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"We need to do further research with larger numbers," she added, "to enable us to see whether the attitudes we found translate into actual behavior. Interestingly, we found that the group who was definitely not interested in becoming a surrogate mother also scored significantly more negatively on advertising, inducements, and the consequences of surrogacy. They also rated reasons for not wishing to have a child such as 'parenthood restricts careers', and 'parenthood is not the most important goal in life', higher than potential surrogates."

The researchers say that this would seem to imply that these negative feelings towards surrogacy and parenthood in general are held by that part of the population which is not involved with surrogacy. These factors are likely to influence the reports of stigma associated with surrogacy, and it is possible that this could be overcome by linking alternative means of becoming a family to positive (rather than negative) family values.

"We also believe that, as surrogacy becomes less stigmatized, families who have children born in this way will be more likely to disclose the means of conception, not just to their children, but also to their family and friends, leaving them in better psychological health," concluded van den Akker.

Related:
Questions Raised Over Fertility Clinic Advertising
Increasing Your Chances of Conceiving

Source: European Society for Human Reproduction and Embryology

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14 July 2008
Surrogacy Still A Hard Road

Although younger people are becoming more positive towards surrogate mothers, current-day attitudes to surrogacy are still broadly negative, attendees at the annual conference of the European Society of Human Reproduction and Embryology have been told. Presenter Olga van den Akker, from Middlesex University in the UK, added that previous stigmatization of surrogate mothers in the media had added to the reluctance to undertake this treatment option.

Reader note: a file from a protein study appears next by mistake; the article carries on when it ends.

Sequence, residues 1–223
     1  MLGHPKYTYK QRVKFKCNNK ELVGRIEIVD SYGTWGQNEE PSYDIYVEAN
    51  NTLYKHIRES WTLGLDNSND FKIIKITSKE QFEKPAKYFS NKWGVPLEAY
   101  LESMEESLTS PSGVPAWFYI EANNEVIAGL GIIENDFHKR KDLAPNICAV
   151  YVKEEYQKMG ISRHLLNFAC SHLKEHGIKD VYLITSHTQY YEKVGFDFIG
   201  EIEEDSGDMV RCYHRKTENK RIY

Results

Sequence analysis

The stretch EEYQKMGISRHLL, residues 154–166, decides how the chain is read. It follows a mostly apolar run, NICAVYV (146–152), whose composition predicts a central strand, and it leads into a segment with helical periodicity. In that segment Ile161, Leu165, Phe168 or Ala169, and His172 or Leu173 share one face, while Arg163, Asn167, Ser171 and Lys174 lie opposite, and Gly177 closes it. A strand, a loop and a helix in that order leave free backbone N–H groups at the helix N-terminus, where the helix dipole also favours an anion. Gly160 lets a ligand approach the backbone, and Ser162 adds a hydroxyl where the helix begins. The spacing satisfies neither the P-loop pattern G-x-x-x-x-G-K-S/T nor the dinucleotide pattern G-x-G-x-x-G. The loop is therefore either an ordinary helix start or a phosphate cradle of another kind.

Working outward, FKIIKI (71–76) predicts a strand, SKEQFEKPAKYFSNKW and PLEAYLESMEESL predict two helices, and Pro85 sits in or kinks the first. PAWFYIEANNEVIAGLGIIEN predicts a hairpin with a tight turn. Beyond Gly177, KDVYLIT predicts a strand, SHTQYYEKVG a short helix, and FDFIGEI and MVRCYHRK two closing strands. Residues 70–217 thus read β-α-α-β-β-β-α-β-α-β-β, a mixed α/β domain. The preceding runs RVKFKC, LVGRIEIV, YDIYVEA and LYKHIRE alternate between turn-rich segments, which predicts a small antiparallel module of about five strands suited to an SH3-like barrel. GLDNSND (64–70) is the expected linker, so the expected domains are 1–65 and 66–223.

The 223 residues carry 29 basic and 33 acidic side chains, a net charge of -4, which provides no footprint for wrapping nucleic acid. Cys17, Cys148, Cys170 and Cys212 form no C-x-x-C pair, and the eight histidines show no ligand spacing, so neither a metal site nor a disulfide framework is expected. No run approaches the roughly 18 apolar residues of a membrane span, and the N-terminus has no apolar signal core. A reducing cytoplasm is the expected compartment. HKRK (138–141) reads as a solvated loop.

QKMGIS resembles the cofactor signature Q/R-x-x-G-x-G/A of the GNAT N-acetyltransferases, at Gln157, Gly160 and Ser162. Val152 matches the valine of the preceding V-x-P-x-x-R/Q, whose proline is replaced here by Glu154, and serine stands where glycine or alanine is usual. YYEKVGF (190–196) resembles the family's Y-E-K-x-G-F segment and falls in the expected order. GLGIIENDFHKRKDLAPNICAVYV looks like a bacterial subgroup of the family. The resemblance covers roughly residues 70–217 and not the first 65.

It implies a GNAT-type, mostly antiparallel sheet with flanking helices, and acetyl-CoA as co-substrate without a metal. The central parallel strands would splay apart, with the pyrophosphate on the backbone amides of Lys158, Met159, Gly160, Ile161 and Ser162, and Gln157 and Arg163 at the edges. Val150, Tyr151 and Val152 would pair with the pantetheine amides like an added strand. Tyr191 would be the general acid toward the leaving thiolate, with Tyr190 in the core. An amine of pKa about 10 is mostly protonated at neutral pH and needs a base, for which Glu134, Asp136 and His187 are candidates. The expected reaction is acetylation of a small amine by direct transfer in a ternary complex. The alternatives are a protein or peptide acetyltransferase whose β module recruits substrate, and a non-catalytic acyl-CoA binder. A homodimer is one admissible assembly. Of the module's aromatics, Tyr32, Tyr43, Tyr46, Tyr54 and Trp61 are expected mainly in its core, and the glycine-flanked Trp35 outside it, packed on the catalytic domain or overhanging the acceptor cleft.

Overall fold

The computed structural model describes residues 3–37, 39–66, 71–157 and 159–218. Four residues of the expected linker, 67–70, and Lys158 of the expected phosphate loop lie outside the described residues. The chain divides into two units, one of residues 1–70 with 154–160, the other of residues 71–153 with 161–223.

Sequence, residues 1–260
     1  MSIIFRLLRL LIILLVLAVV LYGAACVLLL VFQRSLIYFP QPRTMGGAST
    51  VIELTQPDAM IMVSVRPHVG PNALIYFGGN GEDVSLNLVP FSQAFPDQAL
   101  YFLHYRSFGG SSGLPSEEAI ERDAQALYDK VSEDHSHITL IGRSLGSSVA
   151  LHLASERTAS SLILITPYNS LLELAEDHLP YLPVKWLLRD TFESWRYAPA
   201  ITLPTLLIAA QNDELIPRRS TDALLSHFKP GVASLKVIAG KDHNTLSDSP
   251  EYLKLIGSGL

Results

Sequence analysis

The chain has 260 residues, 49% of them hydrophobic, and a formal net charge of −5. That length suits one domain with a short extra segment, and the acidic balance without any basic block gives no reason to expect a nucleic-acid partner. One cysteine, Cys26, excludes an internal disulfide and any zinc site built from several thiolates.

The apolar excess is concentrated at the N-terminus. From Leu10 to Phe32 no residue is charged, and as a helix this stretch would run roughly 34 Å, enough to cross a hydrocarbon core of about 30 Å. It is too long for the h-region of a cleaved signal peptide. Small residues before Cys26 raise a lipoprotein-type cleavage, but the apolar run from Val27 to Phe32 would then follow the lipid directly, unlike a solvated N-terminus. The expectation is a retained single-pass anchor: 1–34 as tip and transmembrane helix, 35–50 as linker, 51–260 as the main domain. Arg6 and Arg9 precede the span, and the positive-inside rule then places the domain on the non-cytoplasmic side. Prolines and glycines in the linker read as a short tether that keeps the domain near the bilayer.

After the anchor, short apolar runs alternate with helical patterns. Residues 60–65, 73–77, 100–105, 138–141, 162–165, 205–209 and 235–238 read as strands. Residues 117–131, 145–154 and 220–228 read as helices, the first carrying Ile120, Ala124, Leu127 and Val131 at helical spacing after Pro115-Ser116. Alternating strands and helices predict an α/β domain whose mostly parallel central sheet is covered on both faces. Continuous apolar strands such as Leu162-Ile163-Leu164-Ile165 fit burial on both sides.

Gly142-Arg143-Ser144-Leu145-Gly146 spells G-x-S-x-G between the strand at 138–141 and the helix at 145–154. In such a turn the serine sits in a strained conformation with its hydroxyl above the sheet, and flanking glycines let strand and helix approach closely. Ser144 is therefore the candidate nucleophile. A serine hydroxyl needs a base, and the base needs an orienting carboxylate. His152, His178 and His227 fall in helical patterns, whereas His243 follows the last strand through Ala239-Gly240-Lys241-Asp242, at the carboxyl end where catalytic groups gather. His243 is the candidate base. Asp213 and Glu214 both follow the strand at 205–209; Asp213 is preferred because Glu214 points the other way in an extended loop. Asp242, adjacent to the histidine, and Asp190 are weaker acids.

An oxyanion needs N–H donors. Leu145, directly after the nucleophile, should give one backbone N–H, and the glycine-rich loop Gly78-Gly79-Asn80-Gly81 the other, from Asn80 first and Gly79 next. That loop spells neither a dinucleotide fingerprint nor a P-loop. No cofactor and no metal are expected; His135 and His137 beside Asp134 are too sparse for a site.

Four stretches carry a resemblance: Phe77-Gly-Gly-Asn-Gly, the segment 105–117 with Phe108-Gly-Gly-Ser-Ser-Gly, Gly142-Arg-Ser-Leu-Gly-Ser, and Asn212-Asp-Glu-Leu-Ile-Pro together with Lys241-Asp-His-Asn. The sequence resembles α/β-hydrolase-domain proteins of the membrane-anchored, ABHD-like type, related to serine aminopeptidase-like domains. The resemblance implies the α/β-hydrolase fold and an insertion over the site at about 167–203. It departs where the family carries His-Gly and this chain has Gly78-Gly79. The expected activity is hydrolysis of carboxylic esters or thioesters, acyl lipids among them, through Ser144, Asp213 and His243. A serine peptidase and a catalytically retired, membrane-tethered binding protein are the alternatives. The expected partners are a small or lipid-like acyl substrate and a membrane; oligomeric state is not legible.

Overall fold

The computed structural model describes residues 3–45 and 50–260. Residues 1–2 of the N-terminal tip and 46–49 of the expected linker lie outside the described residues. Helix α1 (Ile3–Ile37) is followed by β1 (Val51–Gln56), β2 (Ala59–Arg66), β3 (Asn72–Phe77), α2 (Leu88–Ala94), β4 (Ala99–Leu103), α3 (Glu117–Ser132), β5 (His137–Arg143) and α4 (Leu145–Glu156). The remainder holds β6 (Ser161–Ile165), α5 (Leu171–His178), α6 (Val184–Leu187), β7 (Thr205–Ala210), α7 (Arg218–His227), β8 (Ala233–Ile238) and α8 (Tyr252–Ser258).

Van den Akker said that attitudes towards advertising for surrogates, the consequences of surrogacy, and factors that induce women to become surrogates differed between groups, as did reasons for wanting to become parents themselves. "Women who were potentially willing to become surrogates were more likely to say that they would be happy to be identified as the surrogate to the couple and the child," said van den Akker. "Those who thought that parenthood was very important were also more likely to be willing to help others to become parents like themselves."

"We need to do further research with larger numbers," she added, "to enable us to see whether the attitudes we found translate into actual behavior. Interestingly, we found that the group who was definitely not interested in becoming a surrogate mother also scored significantly more negatively on advertising, inducements, and the consequences of surrogacy. They also rated reasons for not wishing to have a child such as 'parenthood restricts careers', and 'parenthood is not the most important goal in life', higher than potential surrogates."

The researchers say that this would seem to imply that these negative feelings towards surrogacy and parenthood in general are held by that part of the population which is not involved with surrogacy. These factors are likely to influence the reports of stigma associated with surrogacy, and it is possible that this could be overcome by linking alternative means of becoming a family to positive (rather than negative) family values.

"We also believe that, as surrogacy becomes less stigmatized, families who have children born in this way will be more likely to disclose the means of conception, not just to their children, but also to their family and friends, leaving them in better psychological health," concluded van den Akker.

Related:
Questions Raised Over Fertility Clinic Advertising
Increasing Your Chances of Conceiving

Source: European Society for Human Reproduction and Embryology


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